The Walsh Cabin (El Paso Mountains)

It isn’t often that I get up north to my old stomping grounds around Ridgecrest. Since moving 165 miles south to Joshua Tree four years ago, I can count on two hands (maybe one) how many times I’ve been in the El Paso Mountains. It is a shame really, this range is where I feel in love with the desert. One of the first places that I experienced petroglyphs, ghost towns, and mines. I walked the distance of the range some years ago, it was my first time doing a long distance through hike. These mountains had a significant influence in crafting me into who I am today. I miss them dearly, but for the most part I’ve begun to feel disconnected from them.

In my years here, there was one place that I had wanted to see, but that always managed to elude me. For years people told me about a cabin that stood on top of one of the southern peaks of range overlooking Fremont Valley. It was always told to be above Goler, but nobody remembered exactly where, or how to get there. Some stated that it had fallen down. Whatever the deal, I never found it and just assumed that the reports of it having collapsed were correct.

A couple of months ago I was reviewing satellite images of the area when I saw what appeared to be a glimmering metal roof perched on a southern peak above the old town of Garlock. A road led up to it, branch off from Mesquite Canyon Road, a road that I had traveled probably a hundred times before. I  kicked myself, in all of my travels up and down Mesquite Canyon, how had I never managed to make that turn?

I was stoked when I began planning a trip to the region to work on my upcoming book, Mojave Desert: Yesterday & Today. I knew that I’d be taking some time to check out that glimmering roof, and hopefully closing the mystery on the cabin that I had only heard about, but never actually seen.

It was a scorching afternoon when I turned off of Garlock Road and onto Mesquite Canyon. The temperature gauge in my Jeep read 109°F. I was on my way to Colorado Camp, a small old miners camp in the middle of the range with only a standing fireplace remaining. I have a photo of the structure from when it was still standing, and  I was going there to recreate it. On the way in I paid close attention, looking for the road that leads up the mountain to the cabin, because on my way back out, I was going to find that illusive cabin.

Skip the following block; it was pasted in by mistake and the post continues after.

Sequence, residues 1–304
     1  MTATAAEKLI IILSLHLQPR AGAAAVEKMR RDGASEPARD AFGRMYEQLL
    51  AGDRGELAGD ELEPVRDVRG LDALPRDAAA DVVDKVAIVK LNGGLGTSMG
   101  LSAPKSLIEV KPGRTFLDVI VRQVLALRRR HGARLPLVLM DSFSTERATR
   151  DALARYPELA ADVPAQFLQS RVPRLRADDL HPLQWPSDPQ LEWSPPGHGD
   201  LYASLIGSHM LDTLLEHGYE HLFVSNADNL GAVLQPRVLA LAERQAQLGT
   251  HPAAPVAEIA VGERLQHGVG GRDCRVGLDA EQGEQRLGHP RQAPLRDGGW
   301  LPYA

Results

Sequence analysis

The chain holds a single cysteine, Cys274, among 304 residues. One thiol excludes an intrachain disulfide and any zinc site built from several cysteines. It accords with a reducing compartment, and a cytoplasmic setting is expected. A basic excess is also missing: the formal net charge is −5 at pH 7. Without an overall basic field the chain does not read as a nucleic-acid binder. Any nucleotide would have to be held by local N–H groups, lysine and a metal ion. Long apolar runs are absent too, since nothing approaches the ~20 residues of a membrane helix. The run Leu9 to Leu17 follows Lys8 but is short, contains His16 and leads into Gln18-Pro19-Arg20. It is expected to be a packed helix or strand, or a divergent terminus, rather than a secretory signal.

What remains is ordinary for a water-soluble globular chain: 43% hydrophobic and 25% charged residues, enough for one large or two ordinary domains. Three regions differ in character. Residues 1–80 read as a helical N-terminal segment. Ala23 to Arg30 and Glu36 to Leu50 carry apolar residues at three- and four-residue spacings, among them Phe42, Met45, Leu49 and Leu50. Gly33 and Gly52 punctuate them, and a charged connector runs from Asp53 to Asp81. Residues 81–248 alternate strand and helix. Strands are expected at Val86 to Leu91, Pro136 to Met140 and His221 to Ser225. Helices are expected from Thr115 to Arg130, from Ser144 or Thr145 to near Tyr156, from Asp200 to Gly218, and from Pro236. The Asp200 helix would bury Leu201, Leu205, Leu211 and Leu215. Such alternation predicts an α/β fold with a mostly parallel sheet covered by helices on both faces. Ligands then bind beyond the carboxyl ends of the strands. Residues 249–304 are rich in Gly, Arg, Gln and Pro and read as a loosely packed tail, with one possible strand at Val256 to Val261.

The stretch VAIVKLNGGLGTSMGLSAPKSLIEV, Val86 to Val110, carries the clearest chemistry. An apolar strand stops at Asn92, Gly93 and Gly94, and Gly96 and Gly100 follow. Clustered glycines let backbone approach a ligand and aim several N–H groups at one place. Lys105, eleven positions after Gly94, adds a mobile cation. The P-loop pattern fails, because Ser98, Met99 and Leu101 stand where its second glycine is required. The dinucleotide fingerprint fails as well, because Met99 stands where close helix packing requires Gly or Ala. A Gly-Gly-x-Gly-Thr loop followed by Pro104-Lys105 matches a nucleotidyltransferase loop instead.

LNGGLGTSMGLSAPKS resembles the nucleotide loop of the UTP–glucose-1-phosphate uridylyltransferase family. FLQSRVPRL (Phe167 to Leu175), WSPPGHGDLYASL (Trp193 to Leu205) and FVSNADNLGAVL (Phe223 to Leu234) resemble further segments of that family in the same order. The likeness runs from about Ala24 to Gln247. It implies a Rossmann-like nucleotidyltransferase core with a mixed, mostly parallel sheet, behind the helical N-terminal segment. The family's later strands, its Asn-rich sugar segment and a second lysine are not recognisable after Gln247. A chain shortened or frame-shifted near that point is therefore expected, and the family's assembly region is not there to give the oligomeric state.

After a successful shoot at Colorado Camp I returned the way that I had come, then made the turn that would hopefully put some closure on this long time mystery. The road was steep, narrow, and rocky,  climbing nearly 1,000 feet in less than a mile.  Along the way it passed by a large tailing pile from the Copper Chief Mine, then spit me out on top of the mountain near the Garlock Benchmark.

I passed by a couple of mine shafts from the Copperola Prospect, or maybe the Laura Quartz, or even possibly the Queen. Various sources list different names for the prospects, but they at one time were all owned by Mike Walsh and Jim Jackson, the same gentlemen who had built the cabin that I was looking for.

I made a turn to the east, and the Walsh Cabin came into sight. It is an ugly ass cabin; wind beaten to hell and back. It would have probably collapsed by now if it wasn’t for the reinforcement of a dozen cables holding it in place.  When I noticed that the BLM sign outside of the cabin had been burned, I knew that the inside of the cabin was going to be in shambles, and in shambles it was. Windows had been broken out, doors ripped from their hinges. Everything that was made of steel had been scraped. The random pieces of furniture that had once added a homey touch to the desert shack were filthy, and better left to the rats than to sit on. It was a sad state of affairs, but honestly far too common in these parts.

 

The Walsh Cabin, perched on the Garlock Bench.

The Walsh Cabin, perched on the Garlock Bench.

 

This doesn't appear to be very inviting.

This doesn’t appear to be very inviting.

 

Before the rats had taken over, I would have loved to have sat here and eaten breakfast every morning.

Before the rats had taken over, I would have loved to have sat here and eaten breakfast every morning.

 

I'll take the scorpions and snakes outside all night long over this monstrosity.

I’ll take the scorpions and snakes outside all night long over this monstrosity.

 

Click your heals together three times, and repeat, "There is no place like home."

Click your heals together three times, and repeat, “There is no place like home.”

 

Outside of the cabin there are expansive views of Fremont Valley to the south, east, and west, and Black Mountain to the north. What the cabin lacks due to senseless vandalism, the views more than make up for. It is easy to see why Walsh and Jackson chose this spot to build on.

According to my research, at the time of this writing, both Walsh and Jackson are still alive, and have ten active claims in the region. At one time they had upward of thirty. Jackson is a resident of Oak View, CA, while Walsh resides in Ontatio, CA.

For me this closes a mystery, unless of course there is yet another south-facing peak with a cabin. With my luck there probably is, but until I’m told otherwise that is a wrap.

 

Overlooking Fremont Valley and Koehn Lake Bed.

Overlooking Fremont Valley and Koehn Lake Bed.

 

Sacred, Black Mountain in the distance.

Sacred, Black Mountain in the distance.

About the author

Jim Mattern

Jim is a scapegoat for the NPS, an author, adventurer, photographer, radio personality, guide, and location scout. His interests lie in Native American and cultural sites, ghost towns, mines, and natural wonders in the American Deserts.